Monday, December 22, 2014

Leave Your Hat On

Should there be a heavenly choir the way we understand choirs, the chances are that it just got a whole lot...grittier...

Heroes at Work

In spite of the fact that he's spent quite a bit of time saving the world and uncovering ancient mysteries, Dirk Pitt's day job has to do with oceanography and exploration of the sea. In that capacity, he and some other researchers of the National Underwater and Marine Agency are investigating several "dead zones" near Cuba, places where large numbers of fish and other aquatic wildlife have died.

But the dead zones may not be natural phenomena, and there are some people who would rather Pitt and NUMA not learn anything else about them. And there's the added complication that Pitt's children -- twins Summer and Dirk, Jr. -- have found themselves opposed by potentially lethal forces who want to uncover the secrets of some pre-Aztec relics the pair have been seeking. Will the two mysteries intersect?

What do you think?

Of course they will, and of course in back of everything will be a ruthless baddie bent on either destroying, ruling or exalting his position in the world. One doesn't read Clive Cussler (and/or son and co-author Dirk) in the interests of introspective self-analysis. One expects a quick-paced adventure yarn with evil plots, derring-do and a few last-minute escapes, which Cussler has been delivering for about 40 years. The best-written of these kinds of books zip by without making you stop for anything other than a page-turn, a snack or putting on sunscreen, and that sums up Havana Storm quite nicely. As usual, Cussler offers a little bit of maritime knowledge in his story and this time adds a dash of Mesoamerican archaeology for fun. There's absolutely nothing wrong with a book like Havana Storm, even though there's absolutely nothing about it that sticks with you (I read it several weeks ago and had to check Amazon to remind myself about a couple of plot points). Because that's precisely what it's designed to do, and that's precisely what it does.
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Faith Lockhart has found out some bad things about the boss she formerly idolized, and is about to tell all to the FBI. But there's a CIA faction that has been using that same boss to gain leverage on the legislators he's bribed, and they've targeted Faith in order to protect their asset. But that same boss knows his CIA contact isn't on the up-and-up either, so he hires a private investigator, Lee Adams, to shadow her. Got it?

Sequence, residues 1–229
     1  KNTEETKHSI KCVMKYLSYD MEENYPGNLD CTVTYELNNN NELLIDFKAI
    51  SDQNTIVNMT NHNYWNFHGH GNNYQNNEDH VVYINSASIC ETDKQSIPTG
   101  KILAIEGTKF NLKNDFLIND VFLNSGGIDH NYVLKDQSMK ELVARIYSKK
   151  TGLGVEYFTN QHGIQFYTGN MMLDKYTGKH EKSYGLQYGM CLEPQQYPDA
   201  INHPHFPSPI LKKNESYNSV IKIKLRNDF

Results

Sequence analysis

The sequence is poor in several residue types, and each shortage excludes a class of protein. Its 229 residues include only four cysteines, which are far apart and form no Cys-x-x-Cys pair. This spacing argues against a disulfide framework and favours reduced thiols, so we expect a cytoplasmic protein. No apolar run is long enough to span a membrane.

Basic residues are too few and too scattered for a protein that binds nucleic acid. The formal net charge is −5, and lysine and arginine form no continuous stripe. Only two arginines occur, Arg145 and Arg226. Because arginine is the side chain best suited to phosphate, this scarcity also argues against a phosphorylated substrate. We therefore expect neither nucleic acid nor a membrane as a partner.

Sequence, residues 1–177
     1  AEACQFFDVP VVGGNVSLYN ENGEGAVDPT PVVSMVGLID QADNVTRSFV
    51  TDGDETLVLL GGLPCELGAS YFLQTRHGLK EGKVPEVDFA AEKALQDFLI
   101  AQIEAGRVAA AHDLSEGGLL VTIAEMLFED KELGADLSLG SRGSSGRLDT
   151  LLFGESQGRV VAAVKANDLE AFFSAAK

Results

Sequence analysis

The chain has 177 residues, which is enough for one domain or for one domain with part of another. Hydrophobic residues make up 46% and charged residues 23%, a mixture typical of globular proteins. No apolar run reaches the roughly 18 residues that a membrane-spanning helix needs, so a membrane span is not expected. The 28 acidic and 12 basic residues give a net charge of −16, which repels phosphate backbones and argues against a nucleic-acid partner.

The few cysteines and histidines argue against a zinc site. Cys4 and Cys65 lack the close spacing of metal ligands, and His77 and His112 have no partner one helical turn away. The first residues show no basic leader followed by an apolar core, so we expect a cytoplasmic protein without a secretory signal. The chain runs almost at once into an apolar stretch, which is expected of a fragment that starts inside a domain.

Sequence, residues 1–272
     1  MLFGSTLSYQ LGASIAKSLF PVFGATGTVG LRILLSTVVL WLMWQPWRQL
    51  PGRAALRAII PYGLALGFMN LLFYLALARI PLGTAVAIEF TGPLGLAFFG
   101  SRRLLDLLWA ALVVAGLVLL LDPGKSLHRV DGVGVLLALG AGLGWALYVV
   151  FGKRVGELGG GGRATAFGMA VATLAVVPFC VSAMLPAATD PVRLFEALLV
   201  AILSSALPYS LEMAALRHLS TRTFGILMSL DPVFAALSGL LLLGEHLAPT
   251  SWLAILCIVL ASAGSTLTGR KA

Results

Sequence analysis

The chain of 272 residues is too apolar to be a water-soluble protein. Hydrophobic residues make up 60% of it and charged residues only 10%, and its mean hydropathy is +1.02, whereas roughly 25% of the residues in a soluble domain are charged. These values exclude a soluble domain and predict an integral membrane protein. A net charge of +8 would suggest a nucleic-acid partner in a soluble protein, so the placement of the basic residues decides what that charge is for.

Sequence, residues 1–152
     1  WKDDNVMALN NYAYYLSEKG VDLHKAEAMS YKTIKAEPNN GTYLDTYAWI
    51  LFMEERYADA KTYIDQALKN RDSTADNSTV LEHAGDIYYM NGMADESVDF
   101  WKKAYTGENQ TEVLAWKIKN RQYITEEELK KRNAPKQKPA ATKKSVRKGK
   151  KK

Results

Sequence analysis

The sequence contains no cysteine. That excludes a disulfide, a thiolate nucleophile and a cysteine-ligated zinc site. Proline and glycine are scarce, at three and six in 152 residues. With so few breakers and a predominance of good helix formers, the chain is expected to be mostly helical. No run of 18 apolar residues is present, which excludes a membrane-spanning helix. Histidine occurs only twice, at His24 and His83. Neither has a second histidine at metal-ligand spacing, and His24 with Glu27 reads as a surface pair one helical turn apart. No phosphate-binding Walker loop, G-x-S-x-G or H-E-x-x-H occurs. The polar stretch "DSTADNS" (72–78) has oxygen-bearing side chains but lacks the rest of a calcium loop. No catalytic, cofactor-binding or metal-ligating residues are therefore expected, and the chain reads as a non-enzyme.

Me neither. And David Baldacci neither, really, as this 1999 thriller strangles in entangled plotlines, what-the-heck scenes and more than one Lifetime Movie Moment™. Faith's boss has changed his focus because of a change of heart, though he hasn't changed his ways to get what he wants. Faith and Lee grow close for no good reason whatsoever (and in one particular interaction, a very bad reason), and an Unexpected Turncoat is telegraphed so far in advance Samuel Morse himself was working the key.

Saving Faith was Baldacci's fifth novel and demonstrated his increasing smoothness and ability to pace the sometimes outlandish plots he was using. But here none of that development is used in service of going anywhere or doing so with people who are either believable or likeable. In that area, at least, Baldacci the author took a significant detour on his way to the much more disciplined thrillers of his "Camel Club" and "King and Maxwell" series.
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David Weber's "Honorverse," the fictional universe home to starship heroine Honor Harrington and her Star Empire of Manticore, started in 1993 with On Basilisk Station. As the Harrington series became a monster hit, Weber began to branch out into other corners of his world, of late beginning to work with co-authors in the different series -- Eric Flint in the Wages of Sin series and Jane Lindskold in the young adult The Star Kingdom novels about the earliest settlers of the Manticore system.

With A Call to Duty, Weber opens up a period before the discovery of Manticore's "wormhole junctions" that will catapult it to regional and economic power in its section of the galaxy. He teams with Timothy Zahn, a top-selling science fiction author in his own right perhaps best known for the "Thrawn trilogy" of Star Wars novels that carried the characters forward from the end of the Return of the Jedi movie.

As Duty opens, Manticore is still a fairly small star nation struggling to maintain its defenses against pirates and raiders in light of several of its own political leaders thinking that such defenses are outmoded cash sponges. We follow along mostly through the person of Travis Uriah Long, an enlisted spacer who sees firsthand the kind of impact official neglect has on the Royal Manticoran Navy -- both its people and its ships. Long may have no idea whether or not a defense force will ever be needed, but he is pretty certain that if it is, the chances the Navy will be up to the task aren't great. His fears may prove out when pirates raid an interstellar nations conference -- can the weakened and demoralized RMN even respond?